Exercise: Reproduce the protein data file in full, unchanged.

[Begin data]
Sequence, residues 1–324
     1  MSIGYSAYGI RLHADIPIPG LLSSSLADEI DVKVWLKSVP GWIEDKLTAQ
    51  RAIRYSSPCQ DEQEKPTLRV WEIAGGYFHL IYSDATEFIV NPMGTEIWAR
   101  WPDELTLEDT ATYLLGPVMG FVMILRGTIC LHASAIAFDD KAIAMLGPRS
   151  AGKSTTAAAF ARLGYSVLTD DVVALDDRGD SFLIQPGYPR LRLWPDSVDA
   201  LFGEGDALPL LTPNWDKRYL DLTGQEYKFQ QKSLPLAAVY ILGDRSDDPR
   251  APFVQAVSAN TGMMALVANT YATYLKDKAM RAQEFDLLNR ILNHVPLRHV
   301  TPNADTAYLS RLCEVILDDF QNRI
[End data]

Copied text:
Sequence, residues 1–324
     1  MSIGYSAYGI RLHADIPIPG LLSSSLADEI DVKVWLKSVP GWIEDKLTAQ
    51  RAIRYSSPCQ DEQEKPTLRV WEIAGGYFHL IYSDATEFIV NPMGTEIWAR
   101  WPDELTLEDT ATYLLGPVMG FVMILRGTIC LHASAIAFDD KAIAMLGPRS
   151  AGKSTTAAAF ARLGYSVLTD DVVALDDRGD SFLIQPGYPR LRLWPDSVDA
   201  LFGEGDALPL LTPNWDKRYL DLTGQEYKFQ QKSLPLAAVY ILGDRSDDPR
   251  APFVQAVSAN TGMMALVANT YATYLKDKAM RAQEFDLLNR ILNHVPLRHV
   301  TPNADTAYLS RLCEVILDDF QNRI